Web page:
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Hugo Grotius (1583–1645). The Rights of War and Peace. 1901.

Book II

Chapter X: The Obligation Arising from Property

  • Origin and nature of the obligation to restore what belongs to another—Obligation to restore to the rightful owner the profits that have accrued from the unjust possession of his personal or real property—A bona-fide possessor not bound to restitution if the thing has perished—Such bona-fide possessor bound to the restitution of the profits remaining in his hands—Bound to make reparation for the consumption occasioned by his possession—A possessor not bound to make a recompence for a gift, with an exception—The sale of any thing that has been bought, obliges the seller to make restitution, with a certain exception—In what cases a bona-fide purchaser of what belongs to another may retain the price, or a part of it—He who has purchased a thing of one who is not the real owner, cannot return it to that seller—The possessor of a thing whose real owner is unknown, not bound to give it up to any one—A person not bound to restore money received upon a dishonest account, or for service done—Opinion that the property of things valued by weight, number and measure, may be transferred without consent of the owner, refuted.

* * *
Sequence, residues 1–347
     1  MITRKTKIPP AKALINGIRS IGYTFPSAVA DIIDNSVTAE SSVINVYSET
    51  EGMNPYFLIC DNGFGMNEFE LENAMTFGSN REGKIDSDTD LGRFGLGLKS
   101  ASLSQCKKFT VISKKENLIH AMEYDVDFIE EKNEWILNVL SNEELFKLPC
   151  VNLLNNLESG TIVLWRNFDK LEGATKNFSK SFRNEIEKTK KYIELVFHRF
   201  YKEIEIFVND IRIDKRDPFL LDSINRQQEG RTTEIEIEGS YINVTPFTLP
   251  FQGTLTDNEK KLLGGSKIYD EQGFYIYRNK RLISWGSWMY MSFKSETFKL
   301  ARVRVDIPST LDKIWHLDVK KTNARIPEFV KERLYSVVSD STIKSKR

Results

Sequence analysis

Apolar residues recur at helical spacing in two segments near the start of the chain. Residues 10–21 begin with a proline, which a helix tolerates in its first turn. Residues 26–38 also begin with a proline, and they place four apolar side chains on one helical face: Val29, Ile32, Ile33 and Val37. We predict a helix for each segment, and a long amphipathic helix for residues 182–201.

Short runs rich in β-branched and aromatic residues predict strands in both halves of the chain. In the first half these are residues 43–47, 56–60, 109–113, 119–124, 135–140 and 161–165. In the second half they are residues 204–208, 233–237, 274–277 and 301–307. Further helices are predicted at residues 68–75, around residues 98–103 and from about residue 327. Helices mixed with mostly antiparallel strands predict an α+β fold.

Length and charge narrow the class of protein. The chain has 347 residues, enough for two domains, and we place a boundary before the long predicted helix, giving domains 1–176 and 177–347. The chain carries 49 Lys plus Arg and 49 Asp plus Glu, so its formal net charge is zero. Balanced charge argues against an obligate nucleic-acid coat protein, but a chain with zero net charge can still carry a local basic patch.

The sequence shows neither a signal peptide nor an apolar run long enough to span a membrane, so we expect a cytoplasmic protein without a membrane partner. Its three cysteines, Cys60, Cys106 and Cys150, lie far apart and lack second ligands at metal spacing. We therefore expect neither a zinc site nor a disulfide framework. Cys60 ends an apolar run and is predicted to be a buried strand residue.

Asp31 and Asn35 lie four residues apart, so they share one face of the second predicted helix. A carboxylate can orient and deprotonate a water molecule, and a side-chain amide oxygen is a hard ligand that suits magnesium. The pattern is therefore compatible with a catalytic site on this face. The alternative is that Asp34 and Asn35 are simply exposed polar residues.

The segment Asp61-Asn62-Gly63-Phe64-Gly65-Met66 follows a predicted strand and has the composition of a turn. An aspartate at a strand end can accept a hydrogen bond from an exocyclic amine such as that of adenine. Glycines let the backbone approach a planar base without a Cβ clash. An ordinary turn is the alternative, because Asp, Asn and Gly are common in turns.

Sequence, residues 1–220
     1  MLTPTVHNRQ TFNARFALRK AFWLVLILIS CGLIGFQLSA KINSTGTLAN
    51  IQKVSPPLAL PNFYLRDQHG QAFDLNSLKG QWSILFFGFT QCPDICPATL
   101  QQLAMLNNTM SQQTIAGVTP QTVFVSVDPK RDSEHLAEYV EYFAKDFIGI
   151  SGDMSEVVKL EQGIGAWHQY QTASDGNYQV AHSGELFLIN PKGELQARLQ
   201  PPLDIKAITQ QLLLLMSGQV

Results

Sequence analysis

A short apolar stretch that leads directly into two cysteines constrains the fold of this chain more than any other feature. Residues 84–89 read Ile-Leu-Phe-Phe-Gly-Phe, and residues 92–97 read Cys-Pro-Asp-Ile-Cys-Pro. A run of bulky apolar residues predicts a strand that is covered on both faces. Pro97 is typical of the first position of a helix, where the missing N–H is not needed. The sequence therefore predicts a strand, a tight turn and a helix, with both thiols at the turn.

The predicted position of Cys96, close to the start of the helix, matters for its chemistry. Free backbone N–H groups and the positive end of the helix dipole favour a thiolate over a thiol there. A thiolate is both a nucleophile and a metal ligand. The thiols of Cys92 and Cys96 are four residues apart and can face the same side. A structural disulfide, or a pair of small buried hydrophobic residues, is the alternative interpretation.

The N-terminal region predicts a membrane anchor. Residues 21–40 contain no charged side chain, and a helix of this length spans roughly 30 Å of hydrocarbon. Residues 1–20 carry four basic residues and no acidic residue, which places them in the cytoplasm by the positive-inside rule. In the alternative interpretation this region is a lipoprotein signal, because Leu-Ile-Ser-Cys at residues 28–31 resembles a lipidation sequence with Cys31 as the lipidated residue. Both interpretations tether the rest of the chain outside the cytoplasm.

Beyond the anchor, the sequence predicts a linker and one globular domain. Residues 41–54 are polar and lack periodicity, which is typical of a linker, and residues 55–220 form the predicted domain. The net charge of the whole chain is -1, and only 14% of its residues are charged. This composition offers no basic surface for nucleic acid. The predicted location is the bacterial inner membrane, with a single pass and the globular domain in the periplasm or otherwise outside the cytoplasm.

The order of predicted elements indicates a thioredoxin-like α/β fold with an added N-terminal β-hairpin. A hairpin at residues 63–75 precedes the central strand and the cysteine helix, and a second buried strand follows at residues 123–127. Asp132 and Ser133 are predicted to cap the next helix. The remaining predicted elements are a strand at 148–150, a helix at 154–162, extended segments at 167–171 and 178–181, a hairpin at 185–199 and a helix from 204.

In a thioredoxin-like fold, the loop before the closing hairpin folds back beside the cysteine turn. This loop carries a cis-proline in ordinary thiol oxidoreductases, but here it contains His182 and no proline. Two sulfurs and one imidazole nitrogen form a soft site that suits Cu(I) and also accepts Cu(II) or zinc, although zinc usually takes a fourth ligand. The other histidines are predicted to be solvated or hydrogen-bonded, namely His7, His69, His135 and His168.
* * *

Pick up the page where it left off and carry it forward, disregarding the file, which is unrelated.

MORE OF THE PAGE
• I. HAVING explained in the preceding part the nature and rights of property, it remains for us to consider the obligation which we incur from thence.